Attorney Joe Cotchett looks at a photo in his office in Burlingame, Calif., Thursday, May 3, 2007, showing himself, left, with Al Gore during a fund raising event in Palo Alto, Calif., in 1996. Cotchett is raising money for John Edwards. "The candidate of Silicon Valley is Al Gore," Cotchett said, "but he's not running."
AP Photo / Paul Sakuma
PALO ALTO, Calif. (AP) — Even with 18 presidential candidates to choose from, it is Al Gore who draws the allegiance of many high-tech elite.
Since losing the 2000 election, Gore has become an environmental crusader and technology insider. He is on Apple's board of directors, advises Google and has his own startup. The former vice president, who insists he is not running again for the White House in 2008, has close ties to some of the biggest names in the technology industry.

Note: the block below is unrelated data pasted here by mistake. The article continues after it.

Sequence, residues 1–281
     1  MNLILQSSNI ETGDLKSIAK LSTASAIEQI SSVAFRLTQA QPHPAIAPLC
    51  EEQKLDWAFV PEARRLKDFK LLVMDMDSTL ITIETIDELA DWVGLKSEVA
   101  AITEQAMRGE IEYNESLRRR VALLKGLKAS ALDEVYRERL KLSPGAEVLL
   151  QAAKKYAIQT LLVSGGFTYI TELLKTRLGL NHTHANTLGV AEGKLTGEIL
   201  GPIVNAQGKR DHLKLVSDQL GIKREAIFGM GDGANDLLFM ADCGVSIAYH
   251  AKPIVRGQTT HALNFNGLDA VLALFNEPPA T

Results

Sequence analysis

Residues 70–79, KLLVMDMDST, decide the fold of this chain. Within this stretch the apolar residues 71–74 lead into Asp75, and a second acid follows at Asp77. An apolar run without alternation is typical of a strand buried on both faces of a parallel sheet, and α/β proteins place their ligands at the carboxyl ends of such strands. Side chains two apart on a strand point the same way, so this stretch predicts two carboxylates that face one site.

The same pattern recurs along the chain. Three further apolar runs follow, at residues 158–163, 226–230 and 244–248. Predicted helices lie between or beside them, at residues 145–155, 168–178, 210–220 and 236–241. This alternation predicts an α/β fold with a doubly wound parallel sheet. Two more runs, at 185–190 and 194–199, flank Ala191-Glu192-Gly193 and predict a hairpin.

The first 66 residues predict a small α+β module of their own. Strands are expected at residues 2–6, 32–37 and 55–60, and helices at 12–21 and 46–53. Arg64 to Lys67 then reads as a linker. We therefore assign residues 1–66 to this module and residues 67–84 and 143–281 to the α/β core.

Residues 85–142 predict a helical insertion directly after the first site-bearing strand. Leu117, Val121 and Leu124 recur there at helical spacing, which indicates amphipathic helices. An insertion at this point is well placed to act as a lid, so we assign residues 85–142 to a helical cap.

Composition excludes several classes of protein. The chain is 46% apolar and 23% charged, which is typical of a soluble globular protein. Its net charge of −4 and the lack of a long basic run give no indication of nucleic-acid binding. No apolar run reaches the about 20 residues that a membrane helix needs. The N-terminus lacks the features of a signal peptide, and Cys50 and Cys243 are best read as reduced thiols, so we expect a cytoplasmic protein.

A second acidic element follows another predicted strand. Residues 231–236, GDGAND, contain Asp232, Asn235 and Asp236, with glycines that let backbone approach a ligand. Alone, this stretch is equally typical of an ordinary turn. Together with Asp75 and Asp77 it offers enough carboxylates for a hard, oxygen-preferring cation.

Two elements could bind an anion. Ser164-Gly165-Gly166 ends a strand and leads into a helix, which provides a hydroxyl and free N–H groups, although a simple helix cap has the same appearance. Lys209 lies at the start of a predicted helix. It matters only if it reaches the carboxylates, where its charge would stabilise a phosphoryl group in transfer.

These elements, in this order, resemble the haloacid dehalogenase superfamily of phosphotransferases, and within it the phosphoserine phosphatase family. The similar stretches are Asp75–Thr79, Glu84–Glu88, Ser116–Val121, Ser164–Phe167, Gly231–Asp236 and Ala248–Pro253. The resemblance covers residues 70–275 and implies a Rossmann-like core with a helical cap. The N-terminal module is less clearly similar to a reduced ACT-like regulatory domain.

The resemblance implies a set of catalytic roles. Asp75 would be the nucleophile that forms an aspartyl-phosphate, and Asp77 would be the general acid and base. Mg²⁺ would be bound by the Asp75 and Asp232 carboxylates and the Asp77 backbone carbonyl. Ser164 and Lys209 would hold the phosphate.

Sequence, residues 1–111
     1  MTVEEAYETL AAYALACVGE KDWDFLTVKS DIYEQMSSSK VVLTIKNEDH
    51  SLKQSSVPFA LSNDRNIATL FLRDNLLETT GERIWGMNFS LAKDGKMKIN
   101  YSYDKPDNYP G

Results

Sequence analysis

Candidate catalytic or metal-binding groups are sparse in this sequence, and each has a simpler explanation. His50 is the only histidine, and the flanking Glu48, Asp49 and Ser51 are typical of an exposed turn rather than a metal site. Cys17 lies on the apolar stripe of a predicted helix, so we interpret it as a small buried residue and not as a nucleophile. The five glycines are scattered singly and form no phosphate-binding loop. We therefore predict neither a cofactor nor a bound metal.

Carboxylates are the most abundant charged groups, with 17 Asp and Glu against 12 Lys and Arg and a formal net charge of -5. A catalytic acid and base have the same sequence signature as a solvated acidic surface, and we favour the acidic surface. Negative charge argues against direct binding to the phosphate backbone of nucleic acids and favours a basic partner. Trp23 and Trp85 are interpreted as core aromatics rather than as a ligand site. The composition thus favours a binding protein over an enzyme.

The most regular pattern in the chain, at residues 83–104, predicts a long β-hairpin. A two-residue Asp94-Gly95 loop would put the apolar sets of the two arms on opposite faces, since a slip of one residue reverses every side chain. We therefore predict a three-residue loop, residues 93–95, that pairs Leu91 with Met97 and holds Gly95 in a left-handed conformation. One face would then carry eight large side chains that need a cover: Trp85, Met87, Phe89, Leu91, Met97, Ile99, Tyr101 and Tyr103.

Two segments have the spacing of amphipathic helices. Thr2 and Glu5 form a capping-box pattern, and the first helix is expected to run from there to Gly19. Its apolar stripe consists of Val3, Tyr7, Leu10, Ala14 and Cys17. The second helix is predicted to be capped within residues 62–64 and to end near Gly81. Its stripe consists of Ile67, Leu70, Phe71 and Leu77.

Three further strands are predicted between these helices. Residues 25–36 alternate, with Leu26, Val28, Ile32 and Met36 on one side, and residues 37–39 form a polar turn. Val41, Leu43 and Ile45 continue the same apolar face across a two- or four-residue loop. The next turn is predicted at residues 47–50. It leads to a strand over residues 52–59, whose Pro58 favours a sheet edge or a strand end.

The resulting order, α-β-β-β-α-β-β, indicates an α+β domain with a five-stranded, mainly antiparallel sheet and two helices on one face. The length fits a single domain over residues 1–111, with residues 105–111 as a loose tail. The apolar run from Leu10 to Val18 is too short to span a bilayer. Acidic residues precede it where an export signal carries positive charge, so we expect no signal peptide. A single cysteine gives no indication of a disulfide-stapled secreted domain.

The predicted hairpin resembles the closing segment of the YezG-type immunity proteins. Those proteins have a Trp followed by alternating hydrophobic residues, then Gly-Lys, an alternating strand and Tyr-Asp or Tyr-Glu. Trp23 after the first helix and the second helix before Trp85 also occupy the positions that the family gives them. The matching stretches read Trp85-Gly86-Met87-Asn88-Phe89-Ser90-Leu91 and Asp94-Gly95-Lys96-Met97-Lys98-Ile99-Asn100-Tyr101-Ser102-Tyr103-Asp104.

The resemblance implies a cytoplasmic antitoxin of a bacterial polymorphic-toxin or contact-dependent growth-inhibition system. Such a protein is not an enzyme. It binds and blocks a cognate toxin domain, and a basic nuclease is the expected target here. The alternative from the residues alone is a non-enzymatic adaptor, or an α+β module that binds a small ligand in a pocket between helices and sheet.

He is one reason that enthusiasm and fund raising in Silicon Valley for any of the current candidates has been noticeably muted even though candidates such as Sens. Hillary Rodham Clinton of New York and Barack Obama of Illinois have come courting. Hopes for a Gore candidacy are not limited to California's high-tech and film set. Across the country, some Gore fund-raisers from his 2000 race are staying out of the 2008 campaign or are prepared to switch from a current hopeful to Gore should he decide to run. The no-clear-favorite perspective in the technology industry was borne out by the current candidates' fund raising. Although Clinton came in first, Obama was a close second.
Joe Cotchett, a lawyer with Silicon Valley ties who is raising money for John Edwards, said tech leaders are uncertain. "The candidate of Silicon Valley is Al Gore," he said. "But he's not running." Silicon Valley tends to be libertarian. Its inhabitants traditionally have shied from politics — and political giving.